8.     Physical Overhaul by Doctor
    With the help of a doctor, the person begins improving physically. Physical illness is identified, and appropriate treatment is initiated.

9.     Onset of New Hope
    As the person feels better and thinks better, the sense of hope becomes stronger.

10. Start of Group Therapy
    The person gets involved with a group of people discussing the issues of recovery. It may be AA or a professional group or both.

11. Regular Nourishment Taken
    The person starts eating a balanced diet and feeling better physically.

12. Diminishing Fears of the Unknown Future
    Fears are diminished as confidence increases because of new hope, new relationships, and improved health. Taking things "one day at a time" promotes confidence.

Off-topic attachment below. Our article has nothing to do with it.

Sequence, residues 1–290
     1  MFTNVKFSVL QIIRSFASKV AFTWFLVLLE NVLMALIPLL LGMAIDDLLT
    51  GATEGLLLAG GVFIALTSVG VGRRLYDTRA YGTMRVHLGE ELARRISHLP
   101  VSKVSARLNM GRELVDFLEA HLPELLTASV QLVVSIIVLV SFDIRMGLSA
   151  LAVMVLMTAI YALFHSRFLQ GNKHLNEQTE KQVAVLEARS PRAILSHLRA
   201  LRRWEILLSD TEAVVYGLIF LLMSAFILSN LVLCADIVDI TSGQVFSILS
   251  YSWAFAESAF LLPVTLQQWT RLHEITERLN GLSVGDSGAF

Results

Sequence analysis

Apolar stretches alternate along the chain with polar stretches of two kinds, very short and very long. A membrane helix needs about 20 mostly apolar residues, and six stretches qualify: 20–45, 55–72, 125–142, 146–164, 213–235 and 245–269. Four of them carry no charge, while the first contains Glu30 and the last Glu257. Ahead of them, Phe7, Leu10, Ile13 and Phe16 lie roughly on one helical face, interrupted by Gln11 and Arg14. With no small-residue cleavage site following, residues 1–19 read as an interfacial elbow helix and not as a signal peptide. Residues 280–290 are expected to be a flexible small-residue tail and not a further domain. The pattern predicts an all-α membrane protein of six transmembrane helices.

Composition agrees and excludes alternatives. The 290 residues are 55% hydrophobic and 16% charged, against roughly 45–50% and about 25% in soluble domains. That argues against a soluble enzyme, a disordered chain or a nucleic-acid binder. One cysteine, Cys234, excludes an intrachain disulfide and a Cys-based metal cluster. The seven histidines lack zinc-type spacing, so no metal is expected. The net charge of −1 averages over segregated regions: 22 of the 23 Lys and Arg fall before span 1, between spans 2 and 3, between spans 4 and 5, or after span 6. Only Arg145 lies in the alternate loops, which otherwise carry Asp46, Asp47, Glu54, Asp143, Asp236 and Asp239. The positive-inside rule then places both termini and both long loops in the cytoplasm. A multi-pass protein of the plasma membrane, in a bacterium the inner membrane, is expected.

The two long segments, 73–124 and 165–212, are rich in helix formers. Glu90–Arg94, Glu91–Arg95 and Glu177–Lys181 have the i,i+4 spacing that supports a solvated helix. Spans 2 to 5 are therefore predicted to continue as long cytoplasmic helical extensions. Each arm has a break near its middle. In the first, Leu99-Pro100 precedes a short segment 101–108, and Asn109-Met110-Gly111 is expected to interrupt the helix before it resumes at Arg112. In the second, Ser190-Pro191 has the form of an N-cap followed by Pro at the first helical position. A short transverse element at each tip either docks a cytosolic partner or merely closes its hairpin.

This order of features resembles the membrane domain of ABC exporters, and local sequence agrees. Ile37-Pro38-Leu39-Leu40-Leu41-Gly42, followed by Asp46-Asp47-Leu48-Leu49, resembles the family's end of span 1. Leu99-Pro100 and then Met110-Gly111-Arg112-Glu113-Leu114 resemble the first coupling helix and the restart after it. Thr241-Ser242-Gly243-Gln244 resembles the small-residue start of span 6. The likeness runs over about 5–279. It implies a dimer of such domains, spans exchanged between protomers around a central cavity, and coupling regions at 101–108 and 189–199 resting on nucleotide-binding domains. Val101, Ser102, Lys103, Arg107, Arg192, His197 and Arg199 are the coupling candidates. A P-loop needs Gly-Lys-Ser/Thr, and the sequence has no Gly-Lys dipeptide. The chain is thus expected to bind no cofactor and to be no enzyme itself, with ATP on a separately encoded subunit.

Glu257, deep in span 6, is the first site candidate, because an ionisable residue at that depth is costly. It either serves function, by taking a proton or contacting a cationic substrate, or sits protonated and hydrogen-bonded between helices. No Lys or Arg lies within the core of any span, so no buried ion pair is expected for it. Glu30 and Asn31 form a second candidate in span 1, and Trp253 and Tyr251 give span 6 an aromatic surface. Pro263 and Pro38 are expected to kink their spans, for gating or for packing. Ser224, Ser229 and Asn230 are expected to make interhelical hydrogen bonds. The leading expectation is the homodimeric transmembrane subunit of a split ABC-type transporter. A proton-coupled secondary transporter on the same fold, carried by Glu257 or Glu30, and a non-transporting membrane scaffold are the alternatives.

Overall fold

13. Realistic Thinking
    Realistic thinking replaces wishful thinking and pipedreams. The person begins identifying true cause/effect relationships and begins recognizing personal alibi structures.

14. Return of Self-Esteem
    Because of new feelings of control over life, self-esteem is reborn. Self-esteem is directly proportional to the level of control people feel over their own lives. Paradoxically self-control comes by "turning over" unsolvable problems to a higher power and focusing on what is solvable here and now.

15. Natural Rest and Sleep
    Sleep pattern disturbances begin going away. Sleep is more natural and fears concerning sleep patterns are diminished.

16. Desire to Escape Leaves
    The desire to escape decreases as reality becomes less frightening and as control, self-esteem, and self-confidence are restored.